Wednesday, October 14, 2020

Episode #170: The Velikovsky Heresies - Part 2

For part two of our deep dive into The Velikovsky Heresies by Laird Scranton, we talk about the mechanics of the solar system, of circular orbits, of retrograde motion. We talk about the "n-body problem" of physics and how the motions of all the bodies in the solar system is, over the long term, an exercise in chaos mathematics.

We read about how Velikovsky was in communication with Einstein before his death, and that Einstein was skeptical at first but was impressed when one of Velikovsky's predictions proved to be accurate. We read about ancient records comparing Venus to comets and supernova that were visible in the daytime, and about the strange properties of the core of Jupiter.

Much thanks to our friends over at Inner Traditions for allowing us to read large excerpts from one of their publications. Make sure to visit their online store and purchase a copy of The Velikovsky Heresies for yourself, or you can get it from Amazon.

Thanks to Henry Hablak for the awesome show art!


  1. Enjoying the agricultural updates, very much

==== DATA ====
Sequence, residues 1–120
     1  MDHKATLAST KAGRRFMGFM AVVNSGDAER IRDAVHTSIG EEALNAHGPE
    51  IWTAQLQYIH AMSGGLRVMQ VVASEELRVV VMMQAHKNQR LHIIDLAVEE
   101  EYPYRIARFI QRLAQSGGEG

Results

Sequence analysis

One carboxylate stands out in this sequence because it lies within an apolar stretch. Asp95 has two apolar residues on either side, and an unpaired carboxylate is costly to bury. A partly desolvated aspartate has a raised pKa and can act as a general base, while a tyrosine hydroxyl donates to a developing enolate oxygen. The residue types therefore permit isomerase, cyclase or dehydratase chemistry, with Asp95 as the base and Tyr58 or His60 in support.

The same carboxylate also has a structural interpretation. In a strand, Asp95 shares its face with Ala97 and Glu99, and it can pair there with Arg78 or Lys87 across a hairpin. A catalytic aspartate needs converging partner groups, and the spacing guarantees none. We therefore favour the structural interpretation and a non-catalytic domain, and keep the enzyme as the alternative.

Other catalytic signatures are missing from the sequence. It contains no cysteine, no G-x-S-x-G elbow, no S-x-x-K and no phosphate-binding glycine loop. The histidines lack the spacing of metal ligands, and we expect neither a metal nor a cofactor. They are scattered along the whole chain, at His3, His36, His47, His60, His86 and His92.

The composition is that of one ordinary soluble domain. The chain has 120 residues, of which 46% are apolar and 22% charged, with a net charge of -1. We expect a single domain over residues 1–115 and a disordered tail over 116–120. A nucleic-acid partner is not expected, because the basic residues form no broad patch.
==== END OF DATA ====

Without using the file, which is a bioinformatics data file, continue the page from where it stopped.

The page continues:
2. At about 1:30 there is discussion Stellarium. Has anyone considered taking the pre 800 BCE eclipse data and modeling a different Earth orbit to see if all those eclipse data points may fit a different orbit for the Earth? Think of the implications of it did!

    Chris Pugh

  3. As much as I've read about orbital mechanics, without having the mathematics tools to check & confirm the theories... it is clear that many theories and ideas have occurred to people studying various areas of the natural world, without being based on math, but intuition. This is true also of "disciplines" such as music, which can be investigated with mathematical analysis, but which CLEARLY also respond to the intuitive study of art and craft. In any case, it would be nice if Scientists could remember how many times "SCIENCE" has got it wrong.
    Not just a little wrong, but Massively, Screamingly, Disastrously wrong.
    Let's hope that Scientists will finally acknowledge that humans of the deep past were even ten thousand years ago, smart enough to make precise and consistent observations of the natural world, even if they didn't have the clarity of understanding we think we have now.


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